lecture10 - Lecture X Economics 202A Fall 2007 Today we...

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1 Lecture X Economics 202A Fall 2007 Today we will turn to something different. We are now going to turn to the demand for money. This is the next item on the reading list. So you can see where this fits in, I just want to remind you of the structure of the course. The structure of the course corresponds exactly to the structure of standard macroeconomics. We first looked at general equilibrium concepts. This corresponds to looking at the intersection of the AD and AS curves, in intermediate macro. After that we are exploring the components of the AD curve. The AD curve is the confluence of the IS and the LM curves. We have just reviewed consumption and investment, which are the leading components of the IS curve. We began the course with the New Classical view of the economy of Lucas, Sargent and Barro. I do not know how Maury is going to pitch the rest of the course. But my interpretation of David Romer&s textbook is that the major theme of the book is that it begins with the classical model and growth theory. And then in the second half ‰ of the book, which is what we are covering in this course, we see time after time after time oversensitivity, relative to that model. So far we have seen that there is oversensitivity of income relative to the money supply. Next Tuesday we will see this oversensitivity in a different context. We will see oversensitivity of the exchange rate relative to the money supply in the lecture next Tuesday. In consumption, investment and finance you will again see, in each case, oversensitivity relative to the classical maximizing model. This gives the textbook a general theme. It is useful to consider standard maximizing models of the business cycle and its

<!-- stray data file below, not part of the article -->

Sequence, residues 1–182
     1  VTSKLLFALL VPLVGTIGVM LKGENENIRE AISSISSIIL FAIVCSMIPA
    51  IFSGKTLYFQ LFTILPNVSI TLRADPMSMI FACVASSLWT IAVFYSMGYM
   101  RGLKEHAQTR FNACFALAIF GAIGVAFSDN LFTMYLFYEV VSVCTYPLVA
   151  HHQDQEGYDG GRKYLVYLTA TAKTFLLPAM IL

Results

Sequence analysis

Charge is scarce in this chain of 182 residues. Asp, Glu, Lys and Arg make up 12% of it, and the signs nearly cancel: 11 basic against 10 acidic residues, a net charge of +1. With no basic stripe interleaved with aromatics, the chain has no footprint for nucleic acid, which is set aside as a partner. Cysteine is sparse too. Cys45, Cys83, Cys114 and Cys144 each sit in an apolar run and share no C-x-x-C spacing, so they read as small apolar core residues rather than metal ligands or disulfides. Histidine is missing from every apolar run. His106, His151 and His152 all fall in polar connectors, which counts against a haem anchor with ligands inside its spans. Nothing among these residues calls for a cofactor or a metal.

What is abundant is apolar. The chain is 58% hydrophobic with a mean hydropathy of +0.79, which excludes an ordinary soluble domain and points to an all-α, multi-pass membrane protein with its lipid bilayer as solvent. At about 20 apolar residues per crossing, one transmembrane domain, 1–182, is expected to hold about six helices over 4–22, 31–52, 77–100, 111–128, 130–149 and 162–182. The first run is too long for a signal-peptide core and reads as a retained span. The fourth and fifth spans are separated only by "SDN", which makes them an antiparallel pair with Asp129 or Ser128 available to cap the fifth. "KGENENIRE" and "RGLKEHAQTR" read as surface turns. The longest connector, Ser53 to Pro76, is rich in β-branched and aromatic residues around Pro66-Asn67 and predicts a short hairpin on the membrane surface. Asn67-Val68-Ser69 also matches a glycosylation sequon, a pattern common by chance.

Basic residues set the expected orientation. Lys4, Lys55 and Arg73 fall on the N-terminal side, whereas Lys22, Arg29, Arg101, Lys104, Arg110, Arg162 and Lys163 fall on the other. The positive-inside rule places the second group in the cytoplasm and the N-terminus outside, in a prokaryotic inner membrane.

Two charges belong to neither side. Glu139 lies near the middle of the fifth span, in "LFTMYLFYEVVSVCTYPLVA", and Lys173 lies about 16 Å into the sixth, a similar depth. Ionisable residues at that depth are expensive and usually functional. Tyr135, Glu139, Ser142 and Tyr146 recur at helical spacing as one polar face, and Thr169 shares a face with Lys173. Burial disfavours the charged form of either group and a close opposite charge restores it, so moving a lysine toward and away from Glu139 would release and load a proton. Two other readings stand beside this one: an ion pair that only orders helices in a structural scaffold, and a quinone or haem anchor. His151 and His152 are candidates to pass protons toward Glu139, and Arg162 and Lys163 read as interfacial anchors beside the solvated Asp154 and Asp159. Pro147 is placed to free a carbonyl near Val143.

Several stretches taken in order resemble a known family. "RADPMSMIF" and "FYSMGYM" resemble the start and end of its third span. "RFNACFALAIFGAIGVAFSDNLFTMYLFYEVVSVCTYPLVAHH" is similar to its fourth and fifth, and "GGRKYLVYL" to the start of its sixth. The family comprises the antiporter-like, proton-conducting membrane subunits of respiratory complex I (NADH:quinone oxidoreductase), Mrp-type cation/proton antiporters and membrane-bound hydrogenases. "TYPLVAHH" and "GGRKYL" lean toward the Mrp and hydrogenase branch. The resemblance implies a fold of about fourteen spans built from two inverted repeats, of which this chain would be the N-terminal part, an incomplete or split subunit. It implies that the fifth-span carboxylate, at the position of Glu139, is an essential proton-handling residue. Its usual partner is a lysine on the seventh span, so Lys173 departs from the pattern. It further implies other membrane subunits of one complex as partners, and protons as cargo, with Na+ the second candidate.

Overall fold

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2 components. But that model never holds exactly. The tell-tale that it is a bad fit is always oversensitivity , or undersensitivity , of the respective variable. There is a remarkable unity here, all pointing in the direction of an economy that is much more Keynesian than a classical model. The first part of this course discusses the general equilibrium of the system. But now we turn to discuss each of the components of that model. Maury and I divided these topics according to what we thought were our respective comparative advantages. The demand for money, and S-s models, were thought to be my comparative advantage, and so we come to that topic now. So let&s now begin the section on the demand for money. One crucial property of the demand for money is its interest elasticity . It is commonly believed that if the interest elasticity is zero, the LM curve will be vertical and fiscal policy has no effect on equilibrium output or on employment. Alternatively, in this view, if the interest elasticity is infinite, the LM curve is horizontal and monetary policy has no effect on equilibrium output or employment.
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This note was uploaded on 08/01/2008 for the course ECON 202A taught by Professor Akerlof during the Fall '07 term at Berkeley.

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lecture10 - Lecture X Economics 202A Fall 2007 Today we...

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